In 1875 Badeau was nominated as Minister to Belgium,[18] and in 1881 he received appointment as Minister to Denmark,[19] but he declined both. From 1882 to 1884 he was U.S. Consul in Havana, Cuba.[20] Badeau resigned this appointment after alleging that officials in the State Department were corrupt in their dealings with Cuba and Spain, and stating that the department took no action after he made his charges.[21][22]

Badeau then aided Grant in the preparation of Grant's memoirs, but left Grant before the book was finished after arguing over the details of the legal agreement specifying how much Badeau would be paid and how he would be credited for his editing, research and fact checking.[23] A bitter quarrel lay behind the creation of this agreement – one that would continue even after Grant's death. Grant was surprised when Badeau expressed his complaints and made demands of Grant. Among other concerns, Badeau had two main points of contention with Grant. The first, having committed much of his time and effort in assisting Grant, Badeau maintained that he had been detained from many of his other involvements for several months. The second, realizing that Grant's memoirs was going to be a monumental success, he feared that his multi-volume work on Grant would be obscured in the wake of their publication and release.[24]

"In consideration of the fact that the book which I am now engaged upon will be in competition with Badeau's History of my Campaigns, which was written with my consent and with the expectation that it would take the place of all I would have to say on the subject.
In further consideration of the fact that I shall use maps which he had prepared with great care, and at great expense, as the basis of my maps; in further consideration of the assistance which he is to give, in the preparation of my forthcoming book, I have voluntarily stipulated as as [sic] small compensation for his various services rendered to me, proposed and to propose and bind myself, to give him, General Badeau, Five thousand dollars (5,000) from the first twenty thousand dollars (20,000) realized from the sale of my book, and an additional five thousand dollars (5,000) from the next ten thousand dollars (10,000) so realized."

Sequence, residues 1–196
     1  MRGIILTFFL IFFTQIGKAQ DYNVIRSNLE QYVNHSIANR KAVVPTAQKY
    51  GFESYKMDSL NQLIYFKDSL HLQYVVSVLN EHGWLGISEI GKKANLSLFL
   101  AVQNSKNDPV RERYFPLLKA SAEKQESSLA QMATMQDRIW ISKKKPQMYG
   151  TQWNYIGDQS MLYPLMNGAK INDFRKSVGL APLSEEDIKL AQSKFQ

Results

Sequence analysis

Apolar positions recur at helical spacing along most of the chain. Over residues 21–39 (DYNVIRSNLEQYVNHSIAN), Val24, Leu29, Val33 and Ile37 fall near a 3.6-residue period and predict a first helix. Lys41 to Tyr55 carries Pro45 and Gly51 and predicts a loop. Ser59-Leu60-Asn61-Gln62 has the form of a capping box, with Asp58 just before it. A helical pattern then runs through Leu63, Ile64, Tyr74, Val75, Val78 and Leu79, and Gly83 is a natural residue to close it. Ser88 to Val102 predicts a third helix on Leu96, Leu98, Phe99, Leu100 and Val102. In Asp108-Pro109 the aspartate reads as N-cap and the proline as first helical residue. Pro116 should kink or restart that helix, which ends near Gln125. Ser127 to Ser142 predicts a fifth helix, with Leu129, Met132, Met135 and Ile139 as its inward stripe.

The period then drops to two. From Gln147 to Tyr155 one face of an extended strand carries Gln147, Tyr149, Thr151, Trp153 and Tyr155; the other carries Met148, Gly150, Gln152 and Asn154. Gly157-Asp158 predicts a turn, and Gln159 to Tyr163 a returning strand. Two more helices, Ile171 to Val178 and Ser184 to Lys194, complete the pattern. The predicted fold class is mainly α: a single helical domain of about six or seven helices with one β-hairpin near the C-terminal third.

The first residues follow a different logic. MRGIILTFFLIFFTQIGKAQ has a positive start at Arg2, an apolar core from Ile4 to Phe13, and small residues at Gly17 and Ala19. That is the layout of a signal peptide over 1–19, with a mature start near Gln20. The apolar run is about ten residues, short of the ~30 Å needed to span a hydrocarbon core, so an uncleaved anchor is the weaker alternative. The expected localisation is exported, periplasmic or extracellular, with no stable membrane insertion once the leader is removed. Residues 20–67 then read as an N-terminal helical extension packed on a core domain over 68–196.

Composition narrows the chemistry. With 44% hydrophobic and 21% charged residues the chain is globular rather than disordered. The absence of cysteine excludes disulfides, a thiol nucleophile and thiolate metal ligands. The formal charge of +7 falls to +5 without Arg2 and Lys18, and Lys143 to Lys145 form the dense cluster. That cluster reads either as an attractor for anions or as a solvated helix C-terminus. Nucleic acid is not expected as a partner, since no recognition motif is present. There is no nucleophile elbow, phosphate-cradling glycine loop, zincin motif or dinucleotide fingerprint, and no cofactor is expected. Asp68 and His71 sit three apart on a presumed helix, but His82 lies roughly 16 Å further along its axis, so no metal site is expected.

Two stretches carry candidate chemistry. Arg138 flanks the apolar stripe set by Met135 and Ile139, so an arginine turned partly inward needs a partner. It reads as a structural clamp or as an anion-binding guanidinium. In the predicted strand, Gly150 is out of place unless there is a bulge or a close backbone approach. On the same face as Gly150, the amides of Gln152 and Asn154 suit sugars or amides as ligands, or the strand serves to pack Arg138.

— Adam Badeau

Grant signed on 7 February 1885. A month later Badeau added his signature, and recorded the receipt of Grant's first payment: "Received of Genl. U. S. Grant $250, my share of $1,000 received by him this day on account of his book. 3 East 66th St. New York. March 2, 1885." As Grant's Memoirs approached completion, having benefited from Badeau's extensive rewriting and additions to its earlier sections, he became convinced that sales would likely go far higher than the $30,000 envisioned in this agreement. With Grant failing badly, Badeau proposed a new arrangement in April 1885: he would complete the work at the price of $1,000 a month, plus 10% of the profits. Grant thought the offer too generous, and he was additionally annoyed by press leaks that painted Badeau as the true author of the forthcoming work. Grant broke off relations with his long-time aide and refused to pay him the $10,000 called for in their agreement. When the sales of the Memoirs skyrocketed past $30,000—they eventually brought $450,000—Badeau sued to get his money. Eventually Mrs. Grant paid him the originally agreed upon $10,000 plus interest of $1,200 (see Brooks D. Simpson article on Badeau in American National Biography). (He subsequently settled with Grant's son Frederick for $10,000,[13] or about $250,000 in 2012 dollars.)[25]

Author and editorialistEdit

Badeau was acquainted with many famous people and celebrities of his day, including Ulysses S. Grant and Edwin Booth.[26] He was a prolific author of both fiction and non-fiction, and besides newspaper columns and magazine articles, his works included: The Vagabond (1859);[27] a three volume Military History of Ulysses S. Grant (1881);[28][12]  Aristocracy in England (1885);[29]  Conspiracy: A Cuban Romance (1885);[30] and Grant in Peace: From Appomattox to Mount McGregor (1887); It was subtitled A Personal Memoir, a work that covered Grant's social involvements with such notable people as General Philip Sheridan, Secretary of War Edwin M. Stanton, Secretary of State Hamilton Fish, and others.[12][31] Badeau wrote for the New York Sunday times under the assumed name, The Vagabond.

Final yearsEdit

Illustration of Adam Badeau in later years

In his final years Badeau continued writing, frequently contributing to various magazines and periodicals and chronicled the various war time events he participated in. His frequent involvement as a writer caused strain on his eyes and he soon developed cataracts during the winter of 1894-1895 where he subsequently underwent successive operations for their removal, which undermined his physical strength.[10] He finally succumbed to apoplexy, and died suddenly on March 19, 1895, in Ridgewood, New Jersey, at the age of 63[13][1][32] and was buried in Sleepy Hollow Cemetery's Old Dutch Churchyard, Section D, Lot 65. [33]

See alsoEdit


  1. ^ Not to be confused with William Tecumseh Sherman



External linksEdit